We stayed at Camp Robinson in Arkansas until late September of 1942. While there, our University of Michigan affiliated hospital unit became the 298th General Hospital Unit, United States Army. Four hundred enlisted men, who comprised the medical detachment, were added, under the command of Colonel Kirksey. These men came from Arkansas, Oklahoma, Texas, and other southwest states for the most part. While we were at Camp Robinson, the doctors, nurses, dieticians, physiotherapists and Red Cross workers had nothing to do officially. The station hospital at Camp Robinson was fully staffed and hence there was actually nothing to do but to wait for further orders to go overseas.
Everyone at Camp Robinson was very kind to us and thus we had a very pleasant time. We were welcome at the local officers' club and several of the 298th personneL had some most enjoyable friendships.
Colonel Kirksey, our regular army commanding officer, was somewhat worried about this situation. As he put it, "You children won't be fit to go overseas if we stick around here much longer." He ordered a daily drill program. At eleven o'clock every weekday morning, we women had to report at a drill field and, under the direction of an army sergeant, had to go through drill exercises for an hour, the Arkansas heat notwithstanding.
The married doctors from Ann Arbor, Michigan, invited their wives down to Little Rock, Arkansas; and in general, the social life was delightful.
All of a sudden, it seems, in September, we received the order to report for mobilization for our actual trip to England. By this time, we Red Cross workers, three dieticians, and the physiotherapist, as well as Red Cross workers, under Colonel Kirksey' s command, would not only live in the same quarters as nurses, but also observe the same rules and regulations.
We were all classed as United States Army officers for this purpose. The chief nurse was second in command of all female officer personnel. I was the responsible person of our Red Cross unit. We went first to a final staging area camp in United States;and there our female unit was enlarged from just over thirty members to nearly sixty.
The large group of additional nurses came from California and were added to the 298th personnel just before embarking for "somewhere in England."
We had been told that the usual procedure in transporting American troops from. United States to England was to ship us either in one of the very large, very rapidly travelling ships, or else in a convoy of smaller ships.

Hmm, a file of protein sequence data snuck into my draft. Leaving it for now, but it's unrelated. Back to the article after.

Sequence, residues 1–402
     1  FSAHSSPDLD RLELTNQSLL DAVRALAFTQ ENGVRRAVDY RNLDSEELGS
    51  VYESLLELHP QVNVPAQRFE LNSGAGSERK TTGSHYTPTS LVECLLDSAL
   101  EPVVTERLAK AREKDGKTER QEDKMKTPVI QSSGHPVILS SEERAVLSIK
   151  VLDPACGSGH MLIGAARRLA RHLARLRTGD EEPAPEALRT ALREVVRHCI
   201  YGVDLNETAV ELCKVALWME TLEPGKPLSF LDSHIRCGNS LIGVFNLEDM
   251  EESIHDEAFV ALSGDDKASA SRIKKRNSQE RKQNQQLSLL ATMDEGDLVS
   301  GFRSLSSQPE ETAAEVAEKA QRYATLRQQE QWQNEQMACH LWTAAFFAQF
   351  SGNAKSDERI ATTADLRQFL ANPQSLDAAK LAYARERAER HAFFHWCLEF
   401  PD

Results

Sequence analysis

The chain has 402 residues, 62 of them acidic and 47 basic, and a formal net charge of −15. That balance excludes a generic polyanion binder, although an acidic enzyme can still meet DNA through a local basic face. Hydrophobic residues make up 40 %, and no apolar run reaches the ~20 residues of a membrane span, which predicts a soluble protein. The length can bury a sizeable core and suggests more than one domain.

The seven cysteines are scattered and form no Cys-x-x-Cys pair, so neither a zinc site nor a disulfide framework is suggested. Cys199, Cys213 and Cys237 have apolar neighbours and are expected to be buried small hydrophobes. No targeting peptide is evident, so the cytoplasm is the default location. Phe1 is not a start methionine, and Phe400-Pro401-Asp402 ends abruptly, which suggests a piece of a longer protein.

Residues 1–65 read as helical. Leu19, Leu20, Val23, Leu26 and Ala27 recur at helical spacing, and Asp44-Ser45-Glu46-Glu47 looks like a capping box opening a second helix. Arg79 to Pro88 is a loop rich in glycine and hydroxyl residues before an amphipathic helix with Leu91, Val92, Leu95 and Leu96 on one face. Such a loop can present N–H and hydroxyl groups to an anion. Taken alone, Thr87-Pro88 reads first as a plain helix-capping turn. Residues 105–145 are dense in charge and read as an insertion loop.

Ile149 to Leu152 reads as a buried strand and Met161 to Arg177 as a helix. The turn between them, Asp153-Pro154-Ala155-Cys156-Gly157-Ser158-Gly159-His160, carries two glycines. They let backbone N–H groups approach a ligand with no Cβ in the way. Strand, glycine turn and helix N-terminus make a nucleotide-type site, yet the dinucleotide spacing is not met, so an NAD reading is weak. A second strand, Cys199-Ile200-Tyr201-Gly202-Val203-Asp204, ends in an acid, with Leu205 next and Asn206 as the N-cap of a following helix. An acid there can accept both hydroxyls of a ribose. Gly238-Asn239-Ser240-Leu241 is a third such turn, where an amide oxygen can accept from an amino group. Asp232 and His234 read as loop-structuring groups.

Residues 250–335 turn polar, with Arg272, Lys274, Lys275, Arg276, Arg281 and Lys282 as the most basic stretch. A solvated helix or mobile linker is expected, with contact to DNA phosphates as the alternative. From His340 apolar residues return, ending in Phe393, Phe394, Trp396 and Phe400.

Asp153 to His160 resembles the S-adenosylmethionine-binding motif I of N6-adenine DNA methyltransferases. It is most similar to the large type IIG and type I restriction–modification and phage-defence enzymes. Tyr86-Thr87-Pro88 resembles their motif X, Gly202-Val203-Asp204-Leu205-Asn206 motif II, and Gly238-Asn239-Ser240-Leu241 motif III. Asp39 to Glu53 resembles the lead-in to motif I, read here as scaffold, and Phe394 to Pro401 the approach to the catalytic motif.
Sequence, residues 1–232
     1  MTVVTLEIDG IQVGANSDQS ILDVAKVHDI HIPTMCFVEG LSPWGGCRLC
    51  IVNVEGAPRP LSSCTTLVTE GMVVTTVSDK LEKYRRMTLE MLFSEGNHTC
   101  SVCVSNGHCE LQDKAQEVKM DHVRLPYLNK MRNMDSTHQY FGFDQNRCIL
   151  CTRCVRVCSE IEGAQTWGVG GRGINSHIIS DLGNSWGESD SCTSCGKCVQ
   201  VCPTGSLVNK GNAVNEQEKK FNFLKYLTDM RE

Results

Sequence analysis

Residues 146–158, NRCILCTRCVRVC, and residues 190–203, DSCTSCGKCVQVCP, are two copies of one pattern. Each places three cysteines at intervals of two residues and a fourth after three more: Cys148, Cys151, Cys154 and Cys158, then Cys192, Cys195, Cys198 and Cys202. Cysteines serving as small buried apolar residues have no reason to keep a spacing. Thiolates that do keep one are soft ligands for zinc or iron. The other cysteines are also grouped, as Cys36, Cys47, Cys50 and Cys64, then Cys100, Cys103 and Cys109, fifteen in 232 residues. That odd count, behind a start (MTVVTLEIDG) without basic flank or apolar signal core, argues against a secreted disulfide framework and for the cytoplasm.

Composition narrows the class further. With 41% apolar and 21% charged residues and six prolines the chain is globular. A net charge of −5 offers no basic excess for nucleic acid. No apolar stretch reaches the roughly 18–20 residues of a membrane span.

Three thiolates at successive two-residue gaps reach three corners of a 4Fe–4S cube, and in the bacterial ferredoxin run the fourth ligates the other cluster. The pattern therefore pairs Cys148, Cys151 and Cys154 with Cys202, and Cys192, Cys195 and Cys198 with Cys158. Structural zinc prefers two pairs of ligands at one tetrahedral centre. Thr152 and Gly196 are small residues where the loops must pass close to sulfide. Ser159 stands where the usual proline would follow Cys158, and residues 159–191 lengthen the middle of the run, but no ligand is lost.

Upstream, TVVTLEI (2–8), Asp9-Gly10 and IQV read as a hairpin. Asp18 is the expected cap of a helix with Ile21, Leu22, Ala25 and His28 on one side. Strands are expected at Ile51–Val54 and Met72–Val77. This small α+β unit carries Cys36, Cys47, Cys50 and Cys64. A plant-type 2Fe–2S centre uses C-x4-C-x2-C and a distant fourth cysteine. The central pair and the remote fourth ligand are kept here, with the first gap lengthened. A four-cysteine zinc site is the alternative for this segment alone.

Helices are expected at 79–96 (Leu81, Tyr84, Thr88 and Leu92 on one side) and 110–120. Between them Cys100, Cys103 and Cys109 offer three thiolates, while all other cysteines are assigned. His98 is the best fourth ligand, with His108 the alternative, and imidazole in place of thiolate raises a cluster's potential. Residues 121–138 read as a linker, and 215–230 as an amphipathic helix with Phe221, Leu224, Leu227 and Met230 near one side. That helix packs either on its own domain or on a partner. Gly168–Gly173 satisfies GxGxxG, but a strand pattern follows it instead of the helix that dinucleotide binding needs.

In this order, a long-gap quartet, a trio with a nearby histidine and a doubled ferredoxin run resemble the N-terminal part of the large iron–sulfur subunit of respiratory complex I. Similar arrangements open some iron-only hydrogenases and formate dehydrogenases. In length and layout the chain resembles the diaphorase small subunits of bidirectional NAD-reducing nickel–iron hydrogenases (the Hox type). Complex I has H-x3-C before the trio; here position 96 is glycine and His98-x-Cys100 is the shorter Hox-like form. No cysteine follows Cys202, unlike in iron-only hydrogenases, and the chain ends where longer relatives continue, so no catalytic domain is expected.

We had already heard of ships going down in the Atlantic; and it was a well known fact that the submarine warfare of World War II was going on. Utmost secrecy was the order of the day.
We embarked on our ship and found that there were several other more or less complete hospital units, consisting of doctors, nurses, and other hospital personnel on the same ship. It was extremely crowded. The three of us Red Cross women occupied a tiny little below-deck stateroom about the size of an average-size coat closet. Strict blackout was observed. No one could go top deck, excepting during rigidly prescribed hours. No one could light a cigarette under any circumstances, on deck; and we had to eat in shifts so as to utilize every minute of time and space".
There was no taking a bath; and water was strictly rationed. We wore woolen clothing; and in my own case, and that of my immediate friends, we wore several sweaters, wool slacks, and had woolen gloves pinned to ourselves. We actually knew of a United States ship which had gone down in the North Atlantic; and the surviving nurses had had to spend eleven days in a life boat. These nurses had all survived, thanks to being picked up in time and taken to a hospital to recover.
The ship in which we travelled was not a large, rapidly travelling ocean liner but, before being commandeered to take us along with the other passengers, had been a smaller, luxuriously appointed ship sailing the waters from the west coast to some of the Pacific islands on pleasure trips.
On that trip across the Atlantic, at no time did we know just where we were, as it was said that we would take a zig zag course in order to avoid being torpedoed by an enemy submarine. It took us eight days to cross the Atlantic this way; and at no time did we have anything like a convoy or escort.
We arrived in Liverpool, England, at night in the blackout. The passengers disembarked according to orders and were taken away into the blackout.
Finally, in the space which we occupied on the ship, only the three American Red Cross workers plus the dieticians, and the physiotherapist, were the only persons still on the ship. Finally, orders came for us to disembark; and it was later learned that we were classified as civilians attached to the military rather than actual military personnel.